In the first stage, people work hard and prosper, and a few of them become rich.
In the second stage, the rich become an established class, able to grow their wealth through investment, or waste it in idleness. Successful working people rise up to replenish this class, while its less competent members drop out.
In the third stage, the class has political power and sets the terms for how working people can prosper. They control, and take a big cut from, most means by which it’s possible to rise through hard work. Both the upper and the middle classes still have growth, but moving between classes becomes rare.
In the fourth stage, the upper class convinces itself that the wealth produced by labor is actually generated by capital, and that therefore they are entitled to it. Now the ruling class’s wealth grows while working people make no gains at all, and are reduced to just struggling to stay above their less fortunate neighbors.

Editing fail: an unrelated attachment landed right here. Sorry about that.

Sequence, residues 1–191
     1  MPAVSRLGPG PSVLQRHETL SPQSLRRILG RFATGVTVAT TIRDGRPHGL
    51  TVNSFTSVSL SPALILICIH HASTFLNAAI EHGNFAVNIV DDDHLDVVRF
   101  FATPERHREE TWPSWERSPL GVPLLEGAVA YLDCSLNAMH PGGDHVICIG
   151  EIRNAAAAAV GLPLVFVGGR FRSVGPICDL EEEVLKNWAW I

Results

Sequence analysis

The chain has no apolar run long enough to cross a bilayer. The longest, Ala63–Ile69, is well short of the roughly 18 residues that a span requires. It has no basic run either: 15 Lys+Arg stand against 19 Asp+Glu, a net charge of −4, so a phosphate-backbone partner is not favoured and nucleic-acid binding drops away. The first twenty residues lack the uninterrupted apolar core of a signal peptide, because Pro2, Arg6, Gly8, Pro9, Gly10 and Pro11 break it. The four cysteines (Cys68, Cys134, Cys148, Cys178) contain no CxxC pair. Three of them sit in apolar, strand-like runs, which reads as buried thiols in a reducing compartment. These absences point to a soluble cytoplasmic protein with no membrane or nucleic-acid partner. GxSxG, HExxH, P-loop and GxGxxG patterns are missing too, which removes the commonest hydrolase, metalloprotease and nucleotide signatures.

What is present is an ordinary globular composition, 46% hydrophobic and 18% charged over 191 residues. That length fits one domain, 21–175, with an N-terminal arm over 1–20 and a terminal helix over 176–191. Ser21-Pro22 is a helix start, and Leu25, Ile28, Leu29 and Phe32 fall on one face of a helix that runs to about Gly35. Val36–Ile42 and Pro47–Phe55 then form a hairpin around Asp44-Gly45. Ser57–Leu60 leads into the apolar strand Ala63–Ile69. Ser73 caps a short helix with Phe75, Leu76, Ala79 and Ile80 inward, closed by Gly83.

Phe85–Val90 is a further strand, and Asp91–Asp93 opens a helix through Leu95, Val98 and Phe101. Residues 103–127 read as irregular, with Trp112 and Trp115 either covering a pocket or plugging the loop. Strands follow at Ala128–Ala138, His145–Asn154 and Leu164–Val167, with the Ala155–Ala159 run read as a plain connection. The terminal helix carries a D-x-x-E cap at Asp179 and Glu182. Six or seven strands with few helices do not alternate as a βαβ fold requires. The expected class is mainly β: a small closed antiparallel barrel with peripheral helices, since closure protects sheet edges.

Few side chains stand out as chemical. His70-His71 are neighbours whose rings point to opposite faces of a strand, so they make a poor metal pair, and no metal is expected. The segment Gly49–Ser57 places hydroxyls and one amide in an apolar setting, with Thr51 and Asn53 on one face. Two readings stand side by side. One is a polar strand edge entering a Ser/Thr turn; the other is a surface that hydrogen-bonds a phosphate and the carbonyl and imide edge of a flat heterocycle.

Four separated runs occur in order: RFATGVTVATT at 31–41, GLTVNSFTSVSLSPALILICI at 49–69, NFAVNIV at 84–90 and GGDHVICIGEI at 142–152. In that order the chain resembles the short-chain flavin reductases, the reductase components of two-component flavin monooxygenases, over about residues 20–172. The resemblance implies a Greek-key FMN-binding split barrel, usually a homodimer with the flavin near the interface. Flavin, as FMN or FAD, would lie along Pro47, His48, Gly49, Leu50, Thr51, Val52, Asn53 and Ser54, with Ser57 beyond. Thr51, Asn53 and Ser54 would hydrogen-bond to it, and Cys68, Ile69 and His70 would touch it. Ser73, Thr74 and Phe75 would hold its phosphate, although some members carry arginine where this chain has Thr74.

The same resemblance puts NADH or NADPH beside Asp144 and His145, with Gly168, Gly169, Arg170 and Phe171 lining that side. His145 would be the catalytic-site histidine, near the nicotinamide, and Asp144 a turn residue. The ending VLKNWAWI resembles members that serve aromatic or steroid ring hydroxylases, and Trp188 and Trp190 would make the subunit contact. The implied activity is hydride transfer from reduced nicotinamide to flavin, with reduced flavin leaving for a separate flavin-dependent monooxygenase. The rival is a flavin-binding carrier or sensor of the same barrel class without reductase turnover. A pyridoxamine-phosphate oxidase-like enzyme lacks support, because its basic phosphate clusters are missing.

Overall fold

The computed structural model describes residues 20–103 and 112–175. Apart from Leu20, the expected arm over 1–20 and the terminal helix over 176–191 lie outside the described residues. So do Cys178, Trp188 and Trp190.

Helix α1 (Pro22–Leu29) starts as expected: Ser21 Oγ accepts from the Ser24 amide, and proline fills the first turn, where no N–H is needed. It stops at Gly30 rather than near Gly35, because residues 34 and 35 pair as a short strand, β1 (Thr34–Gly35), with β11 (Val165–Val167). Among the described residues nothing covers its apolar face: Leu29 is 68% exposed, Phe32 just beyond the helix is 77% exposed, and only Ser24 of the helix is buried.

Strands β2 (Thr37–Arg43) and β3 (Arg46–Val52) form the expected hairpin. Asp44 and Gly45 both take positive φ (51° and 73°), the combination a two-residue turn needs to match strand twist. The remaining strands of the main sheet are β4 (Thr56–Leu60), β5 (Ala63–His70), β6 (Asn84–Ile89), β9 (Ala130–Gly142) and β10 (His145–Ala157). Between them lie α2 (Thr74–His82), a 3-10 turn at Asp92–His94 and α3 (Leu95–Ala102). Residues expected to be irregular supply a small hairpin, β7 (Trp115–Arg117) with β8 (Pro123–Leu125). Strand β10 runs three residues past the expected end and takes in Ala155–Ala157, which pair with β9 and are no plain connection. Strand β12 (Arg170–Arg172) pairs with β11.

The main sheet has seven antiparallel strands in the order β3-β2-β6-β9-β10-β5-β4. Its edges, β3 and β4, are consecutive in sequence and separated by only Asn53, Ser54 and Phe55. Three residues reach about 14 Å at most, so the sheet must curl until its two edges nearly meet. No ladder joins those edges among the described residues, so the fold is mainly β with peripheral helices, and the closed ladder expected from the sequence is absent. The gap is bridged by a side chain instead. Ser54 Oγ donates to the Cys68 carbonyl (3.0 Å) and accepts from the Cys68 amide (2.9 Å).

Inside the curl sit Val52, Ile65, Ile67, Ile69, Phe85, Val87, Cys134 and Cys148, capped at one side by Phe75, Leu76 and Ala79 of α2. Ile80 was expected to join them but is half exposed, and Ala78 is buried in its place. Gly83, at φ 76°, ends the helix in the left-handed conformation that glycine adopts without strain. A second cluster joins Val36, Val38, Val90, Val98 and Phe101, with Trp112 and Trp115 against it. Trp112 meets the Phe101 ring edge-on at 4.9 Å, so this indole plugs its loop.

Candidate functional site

In the final stage, the ruling class decides it’s entitled to not just the new wealth produced by working people, but to their existing assets as well. They try to take all money from everyone and reduce everyone but themselves to poverty. To succeed fully would, of course, collapse the whole system, or at least reduce it to something no more advanced than feudalism, but they try to cut it as close as possible while keeping everyone still toiling. This stage usually only reaches its complete form when the target people live far away from their masters, after they’ve been conquered or colonized.
We’re solidly in the fourth stage now and some are recklessly trying to push us toward the fifth. But the good news is, we can turn back at any time. We’ve done it before.